Popular Culture

Essential Question:  How is the popular culture in the 20's different than the previous decade?
After winning the war, the 1920's were ruled by the youth, and everything about this decade was symbolized an intense felling of rebellion and breaking away from societies boundaries.  Improvements in the automobiles, radio, and airplane all made life easier and more enjoyable for Americans.  Their new gained free time was now spend doing fun things, such as watching sports games or movies.  


  During this time period, there was an explosion of self-expression, and the automobile possibly helped the most.  Also, the automobile helped change life in the 1920's, with the help of Henry Ford, and his mass production and assembly line, which allowed the price to drop from $825 to $360, and soon almost every family in America had at least one Model T in there driveway.  Some positive ways the car affected life, is that it let: people have personal freedom, children escape "oppressed" home life, and women escape home management and be a bigger part of the cultural scene.  It also allowed families to travel further for shopping and entertainment.

Radio and Movies

Radio: During the 1920's, the radio provided a cheap wan convenient way of conveying information and ideas.  this invention did not only bring the nation together, but it brought a whole new way for people to communicate and interact.
Movies: One way movies affected society is that it was a main source, along with the radio, that helped spread Pop Culture very rapidly throughout the decade.  Also, movies played a large role in the temperance movement throughout the 20's, and they were very influential on the American Public.  in the early 20's, they seemed to support prohibition and the temperance cause, but by the end of the decade, they were seen as supportive of the "wet" values in society.


In the 1920's, one of the first ways the airplane was commonly used was in the mail business, and instead of long distance mail taking a few weeks, with the airplane, it only took a few days.  Soon after airplanes were successful in the mail business, a few airplane companies began to offer flights for people, for a high price however, and usually only upper-class people could afford it.  As flights became more common, prices fell, and it almost reached a point where middle-class citizens could afford it.
Lindbergh: After being the first person to successfully fly across the Atlantic Ocean, Charles Lindbergh became very famous in America in the 1920's and 30's.  He relentlessly used his fame to promote commercial aviation throughout the United States.  He also promoted and supported the invention of Aeronautics, which led to the development of many important inventions.


Advertising a product changed from simply announcing the existence of a product in a dull, dry fashion to persuading the public they needed and deserved to own the product.  Advertisers hired movie stars and sports figures to persuade Americans to buy all types of products.  Magazines and newspapers changed from plain investigative articles to new consumerism culture.  Coca-Cola is a good example of a company that succeed from changing the way they advertised.  When first introduced in the 1880's, the product was marketed as a medicine, with claims that it cured headaches, and that it "revived and sustained" a person.  Seeking to build repeat business and brand loyalty, by the 1920's the company emphasized it as a refreshment and "fun food".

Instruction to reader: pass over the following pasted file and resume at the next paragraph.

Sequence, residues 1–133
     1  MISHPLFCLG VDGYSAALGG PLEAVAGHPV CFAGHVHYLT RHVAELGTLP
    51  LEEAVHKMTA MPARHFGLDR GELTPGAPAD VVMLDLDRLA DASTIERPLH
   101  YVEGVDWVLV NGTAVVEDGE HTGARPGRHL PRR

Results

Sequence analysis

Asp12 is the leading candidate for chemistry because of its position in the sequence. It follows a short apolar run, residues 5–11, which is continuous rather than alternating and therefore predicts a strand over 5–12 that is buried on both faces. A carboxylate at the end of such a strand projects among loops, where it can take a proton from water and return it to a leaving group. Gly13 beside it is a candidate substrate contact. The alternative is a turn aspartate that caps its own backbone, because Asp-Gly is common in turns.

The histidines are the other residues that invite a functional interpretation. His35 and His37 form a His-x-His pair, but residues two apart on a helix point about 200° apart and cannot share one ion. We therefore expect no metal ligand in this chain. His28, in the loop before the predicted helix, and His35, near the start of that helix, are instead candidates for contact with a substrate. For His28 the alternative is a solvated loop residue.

"Golden Age of Sports"

The 1920's was a time when America and the world wanted to put the memory of the Great War behind them and enjoy life.  The War provided an economic boom for Americans, along with the automobile as a means of transportation.  People now had more free time.  With this new free time, people turned their attention to sports.  Baseball was the most popular sport during this time.  Writer Edgar F. Wolfe argued in the 1923 Literary Digest that the urban ballpark was a meeting ground for Americans of all classes and backgrounds.  The people are able to unite in “rooting” for the same ball club, and forget their selfish ends in discussing a subject that holds a common interest for both.  The New York Yankees and Babe Ruth were among the most popular sports teams and figures.  Growth in radio also contributed to the excitement for sports.  



Thinking Like a Historian

Turning Points : The new inventions and improvements like the automobile and radio created rapid growth throughout the United States.  The 1920's popular culture was a huge explosion compared to previous decades.  This was the turning point from Progressivism and Victorian ways to the new modern ways.